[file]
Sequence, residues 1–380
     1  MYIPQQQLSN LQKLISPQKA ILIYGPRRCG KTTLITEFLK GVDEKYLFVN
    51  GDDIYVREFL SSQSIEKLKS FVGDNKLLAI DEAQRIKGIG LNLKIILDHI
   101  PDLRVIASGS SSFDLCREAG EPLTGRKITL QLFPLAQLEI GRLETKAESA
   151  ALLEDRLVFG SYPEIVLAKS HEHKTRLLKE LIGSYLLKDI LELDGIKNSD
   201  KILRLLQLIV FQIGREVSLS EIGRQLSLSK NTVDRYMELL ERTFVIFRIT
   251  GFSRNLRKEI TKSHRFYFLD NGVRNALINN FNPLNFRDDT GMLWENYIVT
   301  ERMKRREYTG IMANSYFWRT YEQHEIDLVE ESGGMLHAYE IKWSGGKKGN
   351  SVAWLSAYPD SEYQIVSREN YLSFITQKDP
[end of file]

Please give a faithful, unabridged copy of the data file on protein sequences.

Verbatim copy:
Sequence, residues 1–380
     1  MYIPQQQLSN LQKLISPQKA ILIYGPRRCG KTTLITEFLK GVDEKYLFVN
    51  GDDIYVREFL SSQSIEKLKS FVGDNKLLAI DEAQRIKGIG LNLKIILDHI
   101  PDLRVIASGS SSFDLCREAG EPLTGRKITL QLFPLAQLEI GRLETKAESA
   151  ALLEDRLVFG SYPEIVLAKS HEHKTRLLKE LIGSYLLKDI LELDGIKNSD
   201  KILRLLQLIV FQIGREVSLS EIGRQLSLSK NTVDRYMELL ERTFVIFRIT
   251  GFSRNLRKEI TKSHRFYFLD NGVRNALINN FNPLNFRDDT GMLWENYIVT
   301  ERMKRREYTG IMANSYFWRT YEQHEIDLVE ESGGMLHAYE IKWSGGKKGN
   351  SVAWLSAYPD SEYQIVSREN YLSFITQKDP